Thursday, September 20, 2018

Meditations on Karl Popper

Meditations on Karl Popper
Michael A. Cramer, Ph.D.
September 20, 2017.

In a typical FaceBook fight with Robert Esteves, in which we were discussing whether or not it was appropriate to for the New Yorker magazine, to disinvite Steve Bannon from it’s ideas conference this fall, we naturally got into a discussion of Popper’s Paradox of Tollerence. This led me to go back and read Popper in detail. I’d read excerpts, but mostly those centering around the paradox itself. What I discovered shocked me, so I decided I’d have to write it up. Below is a discussion of Popper’s work. All references are to the following edition:

Popper, K. The open society and its enemies, Volume 1: The spell of Plato. London. Geroge Routledge & Sons, 1945. Reprinted 1947.  

The principle is introduced in note 6 to chapter 5, in a discussion of the principles of humanitarian and equalitarian rule in which Popper declares the first principle to be, “Tolerance towards all who are not intolerant and who do not propagate intolerance.” (205) This clearly implies that we should not tolerate the intolerant. The full description of the paradox comes in a discussion of three paradoxes, the other two being the paradox of freedom (too much freedom can lead to the loss of freedom) and the paradox of democracy (the demos could elect a tyrant). The full description of the paradox of tolerance reads as follows:

Less well known is the paradox of tolerance : Unlimited tolerance must lead to the disappearance of tolerance. If we extend unlimited tolerance even to those who are intolerant, if we are not prepared to defend a tolerant society against the onslaught of the intolerant, then the tolerant will be destroyed, and tolerance with them. In this formulation, I do not imply, for instance, that we should always suppress the utterance of intolerant philosophies ; as long as we can counter them by rational argument and keep them in check by public opinion, suppression would certainly be most unwise. But we should claim the right even to suppress them, for it may easily turn out that they are not prepared to meet us on the level of rational argument, but begin by denouncing all argument ; they may forbid their followers to listen to anything as deceptive as rational argument, and teach them to answer arguments by the use of their fists. We should therefore claim, in the name of tolerance, the right not to tolerate the intolerant. We should claim that any movement preaching intolerance places itself outside the law, and we should consider incitement to intolerance and persecution as criminal, exactly as we should consider incitement to murder, or to kidnapping ; or as we should consider incitement to the revival of the slave trade. (226)

“The movement preaching intolerance places itself outside the law” is the clearest statement of the principle in this note. If incitements to intolerance and persecutions are criminal, then in Popper’s formulation the very existence of New-Nazi groups, or the KKK, should be illegal, and they should have no public forum. This is the bases for laws in Europe banning NAZI symbols and hate speech, which go far beyond those we have in the U.S. Popper died in 1994, so he had time to comment on the ACLU’s arguments in Skokie. I wonder what he would say. (an internet search is useless since, by some odd coincidence, Popper’s American publisher is headquartered in Skokie).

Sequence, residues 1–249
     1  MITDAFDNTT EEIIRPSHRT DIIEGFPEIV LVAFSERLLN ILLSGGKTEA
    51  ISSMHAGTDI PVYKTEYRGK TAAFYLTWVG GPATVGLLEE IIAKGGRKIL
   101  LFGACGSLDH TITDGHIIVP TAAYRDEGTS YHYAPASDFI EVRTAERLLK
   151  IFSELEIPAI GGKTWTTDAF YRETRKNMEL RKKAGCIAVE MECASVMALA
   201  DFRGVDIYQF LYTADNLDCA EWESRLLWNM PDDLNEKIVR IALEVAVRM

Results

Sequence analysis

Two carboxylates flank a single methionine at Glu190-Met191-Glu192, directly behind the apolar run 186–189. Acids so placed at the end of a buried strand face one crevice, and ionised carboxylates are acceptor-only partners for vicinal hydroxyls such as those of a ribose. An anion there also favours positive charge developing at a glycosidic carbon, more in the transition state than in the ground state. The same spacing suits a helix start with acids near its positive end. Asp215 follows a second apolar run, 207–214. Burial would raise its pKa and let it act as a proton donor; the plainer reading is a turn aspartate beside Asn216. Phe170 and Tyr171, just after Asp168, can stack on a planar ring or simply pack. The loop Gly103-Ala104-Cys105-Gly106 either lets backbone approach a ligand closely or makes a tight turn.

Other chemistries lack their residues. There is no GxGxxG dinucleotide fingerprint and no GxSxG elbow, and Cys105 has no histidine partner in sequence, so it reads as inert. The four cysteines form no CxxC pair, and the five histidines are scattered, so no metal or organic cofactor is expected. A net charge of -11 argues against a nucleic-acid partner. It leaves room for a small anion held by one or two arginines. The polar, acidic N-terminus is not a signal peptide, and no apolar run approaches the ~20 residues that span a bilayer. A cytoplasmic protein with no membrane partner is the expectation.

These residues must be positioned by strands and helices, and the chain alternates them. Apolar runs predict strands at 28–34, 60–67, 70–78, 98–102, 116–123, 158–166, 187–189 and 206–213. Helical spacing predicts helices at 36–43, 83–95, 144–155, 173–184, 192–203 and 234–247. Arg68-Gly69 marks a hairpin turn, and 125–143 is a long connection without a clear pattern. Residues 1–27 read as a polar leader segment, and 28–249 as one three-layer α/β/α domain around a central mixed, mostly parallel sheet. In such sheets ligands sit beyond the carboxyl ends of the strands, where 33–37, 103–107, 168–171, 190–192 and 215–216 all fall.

The paragraph to which the note refers is this one:
Apart from these empirical arguments against the general theory of sovereignty, there is also a kind of logical argument which can be used to show the inconsistency of any of the particular forms of the theory of sovereignty ; more precisely, the logical argument can be given different but analogous forms to combat the theory that the wisest should rule, or else the theories that the ruler should be the best, or the law, or the majority, etc. One particular form of this logical argument that is directed against a too naive version of liberalism, of democracy, and of the principle that the majority should rule, is somewhat similar to the well-known ' paradox of freedom '. It has been used first, and with success, by Plato. In his criticism of democracy, and in his story of the rise of the tyrant, Plato raises implicitly the following question : What if it is the will of the people that they should not rule, but a tyrant instead ? The free man, Plato suggests, may exercise his absolute freedom, first by defying the laws and ultimately by defying freedom itself, and by clamouring for a tyrant 4 . This is not just a far-fetched possibility ; it has happened a number of times ; and every time it happens, it puts those democrats who adopt the principle of majority rule or a similar form of the principle of sovereignty as the ultimate basis of their political creed in a hopeless intellectual position. On the one hand, their principle induces them to oppose any but the majority rule, and therefore the new tyranny ; on the other hand, the same principle induces them to accept any decision of the majority, and thus the rule of the new tyrant. The inconsistency of their theory must, of course, paralyse their actions.5 We democrats who demand the institutional control of the rulers by the public, including the right of dismissing the government by majority vote, must therefore base these demands upon better grounds than a self-contradictory theory of sovereignty. (And, indeed, it is not difficult to formulate a consistent theory of democratic control.)” (108-9) (note 5 simply states that further remarks are to be found in Chapter 19).